A clear majority of participants in a national survey about the zero-tolerance policy on the United States/Mexico border strongly opposed separating immigrant families and charging the parents as criminals, according to Baylor University research.
Researchers analyzed data from the Public Religion Research Institute’s June 2018 Immigration Survey, which included questions about respondents’ views on how to restrict or accommodate immigrants or refugees — such as build a border wall or pass a law to prevent refugees from entering the United States.
The article is published in Analyses of Social Issues and Public Policy, a journal of The Society for the Psychological Study of Social Issues.
“Whether one favors or opposes the policy or implementation, research shows that parent-child separation is harmful to children and family systems,” said lead author Wade C. Rowatt, Ph.D., Baylor University professor of psychology and neuroscience. “Previous research shows that immigrant children separated from their mothers in the same detention centers report more emotional problems than the detained children who were not separated. In addition, the prevalence of post-traumatic stress disorder among detained immigrant children was higher than the lifetime prevalence among United States adolescents.”
Given those effects and the potential consequences for refugees, asylum seekers and their families, researchers sought to identify and better understand factors associated with support for, or opposition to, a zero-tolerance policy, Rowatt said.
The research included two studies. In the first, nearly three-fourths — 73.3% — of individuals opposed the policy. Participants from all 50 states numbered 1,018, ages 18 to 94, with 51% female, 64.6% white and 70.6% Christian. Political ideology was coded from 1 (very liberal) to 5 (very conservative).
Respondents were asked to indicate their level of agreement with “an immigration border policy that separates children from their parents and charges parents as criminals when they enter the country without permission.” Respondents were divided along political lines, with 53% of Republicans favoring the policy and 90% of Democrats opposing it.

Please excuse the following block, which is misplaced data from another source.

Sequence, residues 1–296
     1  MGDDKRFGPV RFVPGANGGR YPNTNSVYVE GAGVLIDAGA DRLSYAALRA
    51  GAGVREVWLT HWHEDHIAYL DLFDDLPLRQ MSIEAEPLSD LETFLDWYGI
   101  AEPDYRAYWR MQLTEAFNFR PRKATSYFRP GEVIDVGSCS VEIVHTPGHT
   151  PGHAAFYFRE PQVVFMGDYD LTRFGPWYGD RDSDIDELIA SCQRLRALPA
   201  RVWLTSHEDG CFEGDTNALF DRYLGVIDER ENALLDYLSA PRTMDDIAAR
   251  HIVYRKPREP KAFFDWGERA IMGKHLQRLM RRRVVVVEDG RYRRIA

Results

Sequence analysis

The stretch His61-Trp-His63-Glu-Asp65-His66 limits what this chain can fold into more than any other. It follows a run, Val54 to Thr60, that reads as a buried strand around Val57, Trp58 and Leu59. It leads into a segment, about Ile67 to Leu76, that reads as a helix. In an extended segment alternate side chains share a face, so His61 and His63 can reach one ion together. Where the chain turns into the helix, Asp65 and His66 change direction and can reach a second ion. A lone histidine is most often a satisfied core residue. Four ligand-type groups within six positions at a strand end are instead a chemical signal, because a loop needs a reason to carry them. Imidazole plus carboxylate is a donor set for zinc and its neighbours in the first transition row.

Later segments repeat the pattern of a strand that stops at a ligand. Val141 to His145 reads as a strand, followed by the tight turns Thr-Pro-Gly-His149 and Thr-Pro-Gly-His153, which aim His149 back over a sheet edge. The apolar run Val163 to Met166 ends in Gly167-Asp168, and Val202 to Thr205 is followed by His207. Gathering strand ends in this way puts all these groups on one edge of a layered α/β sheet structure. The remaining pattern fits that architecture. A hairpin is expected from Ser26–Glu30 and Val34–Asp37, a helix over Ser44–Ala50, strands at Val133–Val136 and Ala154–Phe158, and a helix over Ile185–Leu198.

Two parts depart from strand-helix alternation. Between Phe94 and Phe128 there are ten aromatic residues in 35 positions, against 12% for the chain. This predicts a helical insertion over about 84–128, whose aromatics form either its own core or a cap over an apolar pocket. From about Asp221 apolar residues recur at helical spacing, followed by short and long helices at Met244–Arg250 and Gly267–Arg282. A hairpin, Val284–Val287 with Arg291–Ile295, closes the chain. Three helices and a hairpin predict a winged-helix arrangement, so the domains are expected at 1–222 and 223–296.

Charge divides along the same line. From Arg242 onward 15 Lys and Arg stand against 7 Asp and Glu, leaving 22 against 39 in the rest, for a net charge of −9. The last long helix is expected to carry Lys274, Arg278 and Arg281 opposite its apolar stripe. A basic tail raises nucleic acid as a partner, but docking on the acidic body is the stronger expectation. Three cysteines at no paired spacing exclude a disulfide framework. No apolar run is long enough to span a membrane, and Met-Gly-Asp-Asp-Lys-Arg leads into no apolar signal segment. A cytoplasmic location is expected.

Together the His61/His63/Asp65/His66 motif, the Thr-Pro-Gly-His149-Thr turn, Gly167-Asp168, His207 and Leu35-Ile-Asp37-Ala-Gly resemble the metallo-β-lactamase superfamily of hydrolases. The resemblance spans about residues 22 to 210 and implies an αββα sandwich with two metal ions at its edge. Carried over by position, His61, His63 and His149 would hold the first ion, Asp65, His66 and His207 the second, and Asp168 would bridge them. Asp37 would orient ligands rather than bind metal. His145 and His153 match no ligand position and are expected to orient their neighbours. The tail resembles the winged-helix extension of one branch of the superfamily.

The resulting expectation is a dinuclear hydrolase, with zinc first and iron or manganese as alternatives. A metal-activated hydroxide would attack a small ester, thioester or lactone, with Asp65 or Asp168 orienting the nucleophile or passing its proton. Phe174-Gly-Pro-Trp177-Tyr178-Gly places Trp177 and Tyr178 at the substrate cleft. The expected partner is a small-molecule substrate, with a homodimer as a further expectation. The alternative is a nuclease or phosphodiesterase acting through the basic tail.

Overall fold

While age, gender and Christian religious affiliation were only weakly associated with support for separating immigrant families, researchers found that Christians did not oppose the policy of family separation as much as non-Christian religious individuals or irreligious individuals (atheists, agnostics and those with no religious affiliation).
In the second study, researchers analyzed data from two samples: 183 U.S. adults recruited from Amazon’s Mechanical Turk, a crowdsourcing marketplace, and 144 undergraduate students at a private university in Central Texas. As with the first study, the majority opposed the family separation policy (62% of the college students, 70% of the MTurk sample), and conservative ideology was the strongest correlate among the minority who supported the policy.
The second study also found that variability in support for the policy was correlated consistently with social dominance orientation, which sees a majority group as superior to minority groups; conservative political ideology; and dehumanization — viewing immigrants as less than fully human.
Researchers said more study is needed about attitudes toward immigrants to promote greater understanding and develop future policies.